Customer: Cariitti Oy

 

Opening intro

Peter Ruokonen, the CEO of Cariitti talks on why and how they built a customer and market understanding game together with Vision Factory to develop their pilot program service. According to him, co-creation through gamification is especially applicable to marketing reports, and situations where we are working with something completely new. The purpose of the game was for us to learn; to collect customer understanding and information of the market to support our launch.

Our learned results were that the game was considered very interesting at fairs, it draws people in with its cards and meeples, and that it works a lot better in gaining customer understanding than for example questionnaires or survey forms. The understanding of customers and the market was then applied and utilized in publishing our concept.

Peter Ruokonen, CEO, Cariitti Oy https://www.cariitti.fi/

 

Customer Story

We had worked with Krista earlier in several service design projects of a smaller scale. We interviewed and researched through a gamistic approach on what kind of service we should create around our sauna décor product. We used the CoCo Cosmos co-creation game and I got my first case with gamistic research in service design. I then thought that when one has built a game like that and you can turn research knowledge into a gamistic approach, it can then be applied and duplicated into several surroundings. So, I turned to Krista again with our sauna-spa concept.

We applied for funding from Business Finland to research if there was a market for our sauna-spa concept. Of course, you receive some form of feedback from just taking your product to the market to be seen. We however wanted to find a method to receive clarifying questions and document how the customer sees and experiences our product, and was there a market for it in existence in the first place. We pondered on various choices. The most straightforward and easy method would have probably been to create a survey form and have the customers fill it out, but it would have been its own challenge to get them to answer honestly and in detail. With the sauna-spa concept we quite quickly gravitated to the idea with Krista to create a game to act as our tool in gaining customer data.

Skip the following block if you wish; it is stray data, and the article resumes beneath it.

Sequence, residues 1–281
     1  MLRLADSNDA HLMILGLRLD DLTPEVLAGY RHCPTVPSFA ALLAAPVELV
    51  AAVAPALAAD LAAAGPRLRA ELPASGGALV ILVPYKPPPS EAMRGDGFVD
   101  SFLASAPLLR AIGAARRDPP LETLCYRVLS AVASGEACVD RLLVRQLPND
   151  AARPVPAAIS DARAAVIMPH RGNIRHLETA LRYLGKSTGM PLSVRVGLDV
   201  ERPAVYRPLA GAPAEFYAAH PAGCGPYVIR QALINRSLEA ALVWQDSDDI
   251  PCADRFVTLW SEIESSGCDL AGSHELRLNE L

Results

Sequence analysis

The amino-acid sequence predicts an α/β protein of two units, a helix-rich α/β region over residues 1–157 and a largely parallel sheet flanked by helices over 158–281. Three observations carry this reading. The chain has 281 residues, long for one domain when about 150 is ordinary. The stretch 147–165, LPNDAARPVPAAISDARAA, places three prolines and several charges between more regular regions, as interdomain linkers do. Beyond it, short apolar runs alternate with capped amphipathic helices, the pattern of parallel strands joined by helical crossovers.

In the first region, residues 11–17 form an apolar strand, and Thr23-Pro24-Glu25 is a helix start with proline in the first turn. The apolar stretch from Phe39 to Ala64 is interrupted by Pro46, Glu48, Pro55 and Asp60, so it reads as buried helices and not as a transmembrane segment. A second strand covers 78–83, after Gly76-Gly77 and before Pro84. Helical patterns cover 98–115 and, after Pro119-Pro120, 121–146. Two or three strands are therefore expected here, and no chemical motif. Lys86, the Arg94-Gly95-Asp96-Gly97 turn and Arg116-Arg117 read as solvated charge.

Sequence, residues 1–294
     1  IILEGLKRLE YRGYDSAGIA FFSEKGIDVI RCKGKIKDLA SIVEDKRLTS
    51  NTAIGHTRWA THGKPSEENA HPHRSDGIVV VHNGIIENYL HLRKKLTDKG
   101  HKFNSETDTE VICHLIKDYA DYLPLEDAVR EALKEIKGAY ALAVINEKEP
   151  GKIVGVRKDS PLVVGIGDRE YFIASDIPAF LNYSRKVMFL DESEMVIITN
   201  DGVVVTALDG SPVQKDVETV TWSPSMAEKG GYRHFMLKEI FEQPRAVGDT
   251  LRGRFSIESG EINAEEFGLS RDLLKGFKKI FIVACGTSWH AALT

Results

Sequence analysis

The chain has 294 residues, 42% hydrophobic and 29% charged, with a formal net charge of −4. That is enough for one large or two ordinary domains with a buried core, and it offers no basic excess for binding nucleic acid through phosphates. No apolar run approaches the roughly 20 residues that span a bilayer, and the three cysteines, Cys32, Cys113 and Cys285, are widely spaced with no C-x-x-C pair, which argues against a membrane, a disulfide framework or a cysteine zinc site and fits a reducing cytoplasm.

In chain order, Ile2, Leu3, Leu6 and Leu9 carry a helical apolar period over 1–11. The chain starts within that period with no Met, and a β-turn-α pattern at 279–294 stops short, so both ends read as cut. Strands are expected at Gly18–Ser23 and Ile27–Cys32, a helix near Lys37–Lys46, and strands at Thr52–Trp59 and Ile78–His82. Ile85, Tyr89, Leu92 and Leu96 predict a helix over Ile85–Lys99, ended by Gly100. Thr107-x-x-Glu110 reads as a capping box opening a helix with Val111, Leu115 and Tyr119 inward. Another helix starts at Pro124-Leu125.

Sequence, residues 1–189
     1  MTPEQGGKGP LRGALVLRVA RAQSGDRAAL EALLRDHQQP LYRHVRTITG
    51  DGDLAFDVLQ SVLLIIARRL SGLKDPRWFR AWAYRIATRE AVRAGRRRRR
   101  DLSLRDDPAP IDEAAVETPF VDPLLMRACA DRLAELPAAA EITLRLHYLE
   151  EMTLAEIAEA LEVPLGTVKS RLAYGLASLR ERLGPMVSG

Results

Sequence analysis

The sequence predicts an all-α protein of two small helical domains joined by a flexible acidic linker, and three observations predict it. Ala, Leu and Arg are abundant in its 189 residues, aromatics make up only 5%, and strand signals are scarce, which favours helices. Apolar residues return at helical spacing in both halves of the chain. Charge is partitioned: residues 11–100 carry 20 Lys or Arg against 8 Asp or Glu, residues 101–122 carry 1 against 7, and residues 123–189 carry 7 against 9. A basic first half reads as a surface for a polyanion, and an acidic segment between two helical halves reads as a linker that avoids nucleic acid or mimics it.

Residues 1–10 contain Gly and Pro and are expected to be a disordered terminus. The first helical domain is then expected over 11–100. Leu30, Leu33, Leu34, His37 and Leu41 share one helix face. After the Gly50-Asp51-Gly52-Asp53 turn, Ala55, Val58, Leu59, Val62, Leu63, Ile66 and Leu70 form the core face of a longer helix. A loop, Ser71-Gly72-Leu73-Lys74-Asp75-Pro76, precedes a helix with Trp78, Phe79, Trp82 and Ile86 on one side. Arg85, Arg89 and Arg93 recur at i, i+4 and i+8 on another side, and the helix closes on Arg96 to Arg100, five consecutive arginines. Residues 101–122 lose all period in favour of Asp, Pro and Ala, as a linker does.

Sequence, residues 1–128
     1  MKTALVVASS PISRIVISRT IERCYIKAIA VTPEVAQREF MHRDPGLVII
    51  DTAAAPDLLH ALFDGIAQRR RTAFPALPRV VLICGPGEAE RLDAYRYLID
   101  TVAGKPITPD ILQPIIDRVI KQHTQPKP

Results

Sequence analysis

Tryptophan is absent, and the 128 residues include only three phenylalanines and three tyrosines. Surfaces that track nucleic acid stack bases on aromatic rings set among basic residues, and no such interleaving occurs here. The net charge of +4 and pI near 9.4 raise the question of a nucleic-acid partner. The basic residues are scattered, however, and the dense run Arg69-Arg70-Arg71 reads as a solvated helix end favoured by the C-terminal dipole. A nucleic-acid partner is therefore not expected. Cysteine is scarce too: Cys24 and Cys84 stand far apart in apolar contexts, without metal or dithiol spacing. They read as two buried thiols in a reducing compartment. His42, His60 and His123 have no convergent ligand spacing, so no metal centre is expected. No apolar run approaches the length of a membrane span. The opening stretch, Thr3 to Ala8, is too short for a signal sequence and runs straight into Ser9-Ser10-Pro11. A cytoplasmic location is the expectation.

Creating the game started from first looking at our customer target groups and the possible questions that might emerge, and what questions we wanted answered. We wanted to find out if there really was a demand for our concept: What are the customer segments and personas who purchase and use really like. We wanted to gather valuable data provided by real buyers and users regarding their needs and cultural features to develop our sauna-spa concept. We needed information on the purchase path of the customer to build our sales processes and channels and understanding to build a production model and a distribution chain. We started off with a load of question-answer pairs, which we sorted together with Krista to create a game board. The idea of the game was that we learn; that we gather customer understanding and information on the market to support our launch.

Our observation was that the game was alluring to clients at the trade fair. It drew people in with its meeples and cards and worked a lot better in gaining customer understanding than survey forms or having people participate by answering questions to enter a contest or raffle. Our game board was alluring in both shape and size, and fair goers came to our stall wondering what game this was and could they play it. “Interested in trying?”, we asked. “Yes, I do!” was the most common answer from our enthusiastic customers. The customers did not even ask what the game was about or what they could win; they just wanted to play.

The discussions we had with customers while playing the game was the added value we gained from the game. We gain customer understanding and information on the allure of our product concept and information on the different needs and purchase affecting factors of potential clients. The customer and market understanding we gained with the game was later utilized in the product launch.

”Developing games and a gamistic approach is one of the unique professional aspects of Vision Factory’s expertise, along with a strong background in research knowledge and understanding. When you look at the completed Wellness Dream customer understanding game, you can say not many others could create a thing like this”, Peter Ruokonen reiterates. “When the customer says they have a challenge like this or that, and now they’d need information from the market whether or not there’s a demand for a product like this, that’s the moment where Vision Factory’s knowledge and unique skillset truly shows”, Ruokonen continues. Here it is important to understand both the needs and goals of the customers as well as the behaviour of the end-customers and their possible reactions. Combining all of this into a game is the challenge.

” Krista took care of us in many ways as a customer and ensured that everything was complete and working in the end”, Ruokonen says. “Vision Factory is innovative and they have new, fresh customer-originating thoughts about both us as a customer and our own customers”, he continues.

Ruokonen says that the model by Vision Factory and Krista Keränen is especially suitable for marketing reports and situations where we are operating with something completely new, like when bringing an entirely new product or concept into the market. “We will utilize this kind of gamistic research in upcoming product development challenges in the future. It has been a good experience for us as well as our customers who enjoyed playing.”

The story is based on the interview made by Birgit Eskelinen / Redesign Markkinointi Oy with Peter Ruokonen / Cariitti Oy.

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